Gospel According to Matthew 1. Define the term “gospel” and identify the four books in the New Testament that fit in this category.
2. Identify the structural principles that Matthew uses to organize the material in his gospel.
3. Identify the “synoptic gospels,” the meaning of the term, and their purpose in the New Testament.
4. Why might an historian might use the historical labels of BCE and CE instead of BC and AD?
5. Identify the audience for which Matthew is writing his gospel and why this is important for the reader to know.
6. Identify, with a different example for each, three teaching strategies that Jesus uses in Matthew’s Gospel.
7. What is the importance of Jeremiah 31:31-34 to our understanding of the New Covenant? Romans
8. Define the term “epistle” identify its purpose in the New Testament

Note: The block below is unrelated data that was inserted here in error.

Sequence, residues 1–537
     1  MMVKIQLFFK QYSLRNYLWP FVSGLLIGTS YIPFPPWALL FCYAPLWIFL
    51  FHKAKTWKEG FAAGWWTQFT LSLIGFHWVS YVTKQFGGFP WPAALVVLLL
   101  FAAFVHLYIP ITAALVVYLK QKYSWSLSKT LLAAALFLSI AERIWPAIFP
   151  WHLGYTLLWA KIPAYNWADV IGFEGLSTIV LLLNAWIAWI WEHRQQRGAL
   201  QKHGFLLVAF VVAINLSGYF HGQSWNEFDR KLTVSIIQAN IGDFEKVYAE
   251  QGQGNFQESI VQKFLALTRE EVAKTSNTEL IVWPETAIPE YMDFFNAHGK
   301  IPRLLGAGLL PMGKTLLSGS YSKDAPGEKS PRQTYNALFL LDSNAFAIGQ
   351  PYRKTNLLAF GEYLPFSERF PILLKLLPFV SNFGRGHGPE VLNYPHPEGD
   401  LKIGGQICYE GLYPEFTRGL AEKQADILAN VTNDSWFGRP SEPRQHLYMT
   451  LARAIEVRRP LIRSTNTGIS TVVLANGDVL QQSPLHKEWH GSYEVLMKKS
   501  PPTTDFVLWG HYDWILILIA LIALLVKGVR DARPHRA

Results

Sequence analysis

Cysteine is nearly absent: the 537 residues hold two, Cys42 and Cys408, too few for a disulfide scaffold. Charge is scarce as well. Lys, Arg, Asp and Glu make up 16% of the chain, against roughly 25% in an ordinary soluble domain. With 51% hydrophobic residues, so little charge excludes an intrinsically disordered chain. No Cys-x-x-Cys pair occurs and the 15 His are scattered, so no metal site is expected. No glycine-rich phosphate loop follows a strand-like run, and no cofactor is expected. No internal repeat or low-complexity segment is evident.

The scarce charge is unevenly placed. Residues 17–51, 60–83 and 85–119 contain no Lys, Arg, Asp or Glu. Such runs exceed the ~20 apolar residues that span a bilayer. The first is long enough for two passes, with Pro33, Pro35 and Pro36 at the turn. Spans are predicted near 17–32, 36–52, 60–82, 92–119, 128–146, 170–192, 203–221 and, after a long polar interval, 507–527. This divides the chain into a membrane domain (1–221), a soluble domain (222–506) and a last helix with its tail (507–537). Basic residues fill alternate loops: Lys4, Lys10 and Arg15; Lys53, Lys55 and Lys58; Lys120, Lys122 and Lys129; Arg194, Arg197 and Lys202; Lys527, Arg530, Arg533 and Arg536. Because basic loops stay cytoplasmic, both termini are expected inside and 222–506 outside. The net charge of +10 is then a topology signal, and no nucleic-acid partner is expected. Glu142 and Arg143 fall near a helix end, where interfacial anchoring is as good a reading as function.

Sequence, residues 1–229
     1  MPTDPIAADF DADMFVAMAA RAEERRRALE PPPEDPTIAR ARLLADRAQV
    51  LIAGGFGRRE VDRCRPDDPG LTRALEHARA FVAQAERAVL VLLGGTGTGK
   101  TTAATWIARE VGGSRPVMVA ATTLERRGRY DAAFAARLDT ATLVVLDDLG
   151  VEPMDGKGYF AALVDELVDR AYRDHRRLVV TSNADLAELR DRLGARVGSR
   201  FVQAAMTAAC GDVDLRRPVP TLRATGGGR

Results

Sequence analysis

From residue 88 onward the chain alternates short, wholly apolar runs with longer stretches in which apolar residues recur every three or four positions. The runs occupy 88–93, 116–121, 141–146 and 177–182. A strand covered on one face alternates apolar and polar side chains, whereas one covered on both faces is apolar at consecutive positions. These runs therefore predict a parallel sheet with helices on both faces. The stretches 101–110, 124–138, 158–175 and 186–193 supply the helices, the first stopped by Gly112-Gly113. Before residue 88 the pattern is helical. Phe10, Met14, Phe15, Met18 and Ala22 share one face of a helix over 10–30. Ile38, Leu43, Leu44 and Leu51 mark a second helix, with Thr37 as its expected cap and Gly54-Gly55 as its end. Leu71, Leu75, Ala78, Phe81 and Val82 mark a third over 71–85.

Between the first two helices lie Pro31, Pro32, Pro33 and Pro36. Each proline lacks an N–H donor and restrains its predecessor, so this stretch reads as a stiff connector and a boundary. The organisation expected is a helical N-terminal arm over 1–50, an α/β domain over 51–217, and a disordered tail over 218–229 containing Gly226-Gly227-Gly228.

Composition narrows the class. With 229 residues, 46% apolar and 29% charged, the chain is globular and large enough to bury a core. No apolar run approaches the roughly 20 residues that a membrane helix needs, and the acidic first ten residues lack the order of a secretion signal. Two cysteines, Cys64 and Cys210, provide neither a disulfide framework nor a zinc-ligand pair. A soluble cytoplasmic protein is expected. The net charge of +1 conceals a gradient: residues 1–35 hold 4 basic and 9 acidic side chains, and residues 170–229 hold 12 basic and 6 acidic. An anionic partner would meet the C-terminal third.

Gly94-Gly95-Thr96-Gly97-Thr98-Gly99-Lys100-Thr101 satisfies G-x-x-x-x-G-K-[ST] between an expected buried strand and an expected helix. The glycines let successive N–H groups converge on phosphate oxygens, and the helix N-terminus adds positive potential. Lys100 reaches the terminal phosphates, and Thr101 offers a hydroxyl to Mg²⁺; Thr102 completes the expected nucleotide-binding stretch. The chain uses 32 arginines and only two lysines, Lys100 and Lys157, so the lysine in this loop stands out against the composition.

9. Who was Tertius and why is he important to our understanding of the circumstances under which Paul’s Letter to the Romans was written.
10. Identify the structural principles that Paul uses to organize the material in his Letter to the Romans.
11. What was the importance of Romans 1:17 to Martin Luther?
12. Identify the three stages to Paul’s system of soteriology (i.e. redemption)? Revelation
13. Identify four defining characteristics of apocalyptic literature as they apply to Revelation.
14. Identify the blessings with which the book of Revelation opens.
15. Identify the warnings with which the book of Revelation concludes, and offer reasons why these may have been included.
16. W here was Patmos and what is its importance to our understanding of the circumstances under which the visions in Revelation were received?
17. Who was Domitian and why do we need to know about him when studying Revelation?
18. What does it mean to call Revelation an eschatological book?
19. Identify the structural principles that John uses to organize the material in Revelation?
20. Explain some of the stylistic as well as thematic reasons that Revelation is a fitting close to the Bible.
21. Comment on the Romans’ perspective on the first-century Christians.